The crowd was amped from the very beginning of the evening. Because last night’s final round of convention festivities was moved indoors, far fewer tickets were available meaning people arrived early to stake their claim on seats.
I arrived at the arena at approximately 5:30 p.m., and the selection looked limited within the Ohio delegation’s block of seating. However, it was determined that some people in the Ohio section did not have the proper credentials, and seats opened. As luck would have it, I was able to snag a front row seat directly in line with the stage. I was about 50 feet away parallel with the left side of the stage (from the speaker’s vantage point).
Tonight’s lineup was particularly strong. Former Rep. Gabrielle Giffords, the congresswoman struck by gunfire at a rally, led the pledge of allegiance. It was truly a great moment that highlighted her recovery, and her appearance sent chills throughout the arena. In-arena entertainment included the Foo Fighters, and they did a very nice job. I was hoping for Springsteen, but the Foo Fighters were on top of their game.
Prior to the vice president and president, two speeches stuck out.
The first was delivered by former Michigan Gov. Jennifer Granholm. Her impassioned speech pointed out, delegation by delegation, the number of jobs saved by the bailout and sent the crowd into a frenzy. Her speech contained many clever one-liners relating both to the auto industry and this election. One of them said that on this year’s ballot, the D for Democrat means drive forward, and the R for Republican means reverse. This was consistent with the theme that played out all week and throughout the rest of the evening.
Former presidential candidate and current U.S. Sen. John Kerry brought forth a very strong performance. His speech focused on foreign policy and how Romney/Ryan is the most inexperienced ticket with regard to foreign policy that we have seen. Kerry delivered a solid indictment on Romney relative to his policy, or lack thereof, on Afghanistan, his trip overseas that contained several stumbles and his view that the Earth should not be moved just to take out one man (Bin Laden).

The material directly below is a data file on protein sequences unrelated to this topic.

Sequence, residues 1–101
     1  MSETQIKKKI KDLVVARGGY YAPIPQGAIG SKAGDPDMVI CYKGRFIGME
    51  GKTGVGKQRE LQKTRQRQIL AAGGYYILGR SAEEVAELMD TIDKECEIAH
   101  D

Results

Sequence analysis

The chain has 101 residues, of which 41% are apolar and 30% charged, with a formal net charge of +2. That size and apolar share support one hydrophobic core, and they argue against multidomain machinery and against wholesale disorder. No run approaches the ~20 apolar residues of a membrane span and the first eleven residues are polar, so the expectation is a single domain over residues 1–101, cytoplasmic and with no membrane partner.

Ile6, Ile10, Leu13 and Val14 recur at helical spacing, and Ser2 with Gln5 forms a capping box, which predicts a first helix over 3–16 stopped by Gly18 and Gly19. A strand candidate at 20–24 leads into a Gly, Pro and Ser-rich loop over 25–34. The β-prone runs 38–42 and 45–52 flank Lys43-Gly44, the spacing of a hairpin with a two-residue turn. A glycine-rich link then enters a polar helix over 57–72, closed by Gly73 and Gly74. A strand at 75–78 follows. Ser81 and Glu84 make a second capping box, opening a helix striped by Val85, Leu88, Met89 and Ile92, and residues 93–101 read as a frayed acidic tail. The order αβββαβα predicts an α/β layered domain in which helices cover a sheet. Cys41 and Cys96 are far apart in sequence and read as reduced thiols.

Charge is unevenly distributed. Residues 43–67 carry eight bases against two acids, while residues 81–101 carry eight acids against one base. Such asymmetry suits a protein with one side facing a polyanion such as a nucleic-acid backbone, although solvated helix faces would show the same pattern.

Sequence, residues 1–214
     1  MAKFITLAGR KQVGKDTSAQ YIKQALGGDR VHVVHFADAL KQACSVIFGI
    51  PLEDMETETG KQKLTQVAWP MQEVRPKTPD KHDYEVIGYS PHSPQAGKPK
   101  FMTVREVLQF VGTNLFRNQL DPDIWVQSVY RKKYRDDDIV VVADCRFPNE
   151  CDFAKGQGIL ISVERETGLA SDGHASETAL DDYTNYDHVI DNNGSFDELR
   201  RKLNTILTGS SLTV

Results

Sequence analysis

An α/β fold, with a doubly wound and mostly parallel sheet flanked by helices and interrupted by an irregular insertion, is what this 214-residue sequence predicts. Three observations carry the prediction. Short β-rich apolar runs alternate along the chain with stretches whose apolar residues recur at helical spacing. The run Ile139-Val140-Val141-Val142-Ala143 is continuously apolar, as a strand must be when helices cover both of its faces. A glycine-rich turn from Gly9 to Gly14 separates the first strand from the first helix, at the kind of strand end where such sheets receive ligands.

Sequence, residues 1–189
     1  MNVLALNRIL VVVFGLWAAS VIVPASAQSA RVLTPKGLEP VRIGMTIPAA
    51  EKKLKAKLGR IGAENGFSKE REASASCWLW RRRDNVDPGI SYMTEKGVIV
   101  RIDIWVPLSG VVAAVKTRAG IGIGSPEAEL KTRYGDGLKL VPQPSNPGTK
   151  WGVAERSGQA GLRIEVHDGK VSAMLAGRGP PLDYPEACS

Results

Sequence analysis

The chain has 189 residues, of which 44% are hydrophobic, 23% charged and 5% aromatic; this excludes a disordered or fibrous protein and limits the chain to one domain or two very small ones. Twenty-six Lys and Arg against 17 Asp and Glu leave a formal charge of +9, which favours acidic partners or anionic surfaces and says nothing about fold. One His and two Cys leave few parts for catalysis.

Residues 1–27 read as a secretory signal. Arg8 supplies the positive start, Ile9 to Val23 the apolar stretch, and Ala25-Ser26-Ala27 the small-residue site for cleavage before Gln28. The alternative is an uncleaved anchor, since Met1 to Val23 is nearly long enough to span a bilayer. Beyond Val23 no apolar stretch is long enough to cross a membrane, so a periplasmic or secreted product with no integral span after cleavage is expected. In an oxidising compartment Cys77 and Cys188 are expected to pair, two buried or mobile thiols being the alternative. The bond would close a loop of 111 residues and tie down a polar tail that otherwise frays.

Kerry even poked at himself remarking that Romney’s evolving policies are really being for something before being against it — a Kerry quote eight years ago that former President George W. Bush used to skewer him and portray him as a waffler and a flip flopper. Kerry’s foreign policy comment did Obama well, and it seems the Obama team, based on Kerry, other speakers throughout the week and a large veteran tribute last night believe foreign policy is an area that is a major asset and needs to be interjected more into the dialogue.
Being part of history for the vice president’s and president’s speeches was unbelievable. The energy, anticipation and excitement for the evening reached breaking points, particularly right before President Obama. I felt that both men did what they needed to do. In addition to the stark contrasts that all speakers highlighted, Biden shed light on his close relationship with Obama, how he thinks, what goes into decision making and how he handles crisis. Biden wanted to tell the American people of the Obama behind closed doors and Obama as a leader. I felt he succeeded on many of those points. Like Clinton the night before, Biden ad-libbed quite a bit and veered out of order a bit from the teleprompter. I suppose one would not expect anything different from him considering his very notable quotes during the course of his career.
I felt President Obama also did well but more importantly did what was necessary. He rightly acknowledged that he is a different man now. He does not want to be legislator Obama, who addressed the convention in 2004 when he was a candidate for U.S. Senate from Illinois. He is not presidential candidate Obama as he was in 2008. He is President Obama. His speech this year was not filled with the lofty, grandiose thoughts delivered in years past. Tonight, it was about the progress made in digging out of the financial mess and continuing that progress. The president admitted to imperfections and mistakes but, once again, provided the contrast of this election. He portrayed himself as a champion of the middle class and portrayed Romney as someone who is out of touch and who would take the country back to the policies that put America into its current situation. The president asked for more time to build upon progress already made both on domestic issues and foreign policy issues.
As I previously stated, he did what he needed to do, and overall, he played it safe. That did not diminish the speech but, rather, in my mind, was a mature approach to the very weighty issues that will be present no matter who is victorious in November. It also helped that Obama’s lineup for the past three nights covered issues that he did not necessarily need to retread and, instead, focused on the high stakes of this election.
Overall, the night was an appropriate end to the convention and, in my estimation, an overall good catapult into the final leg of the campaign.
Chase Ritenauer is mayor of Lorain and a delegate to the 2012 Democratic national convention.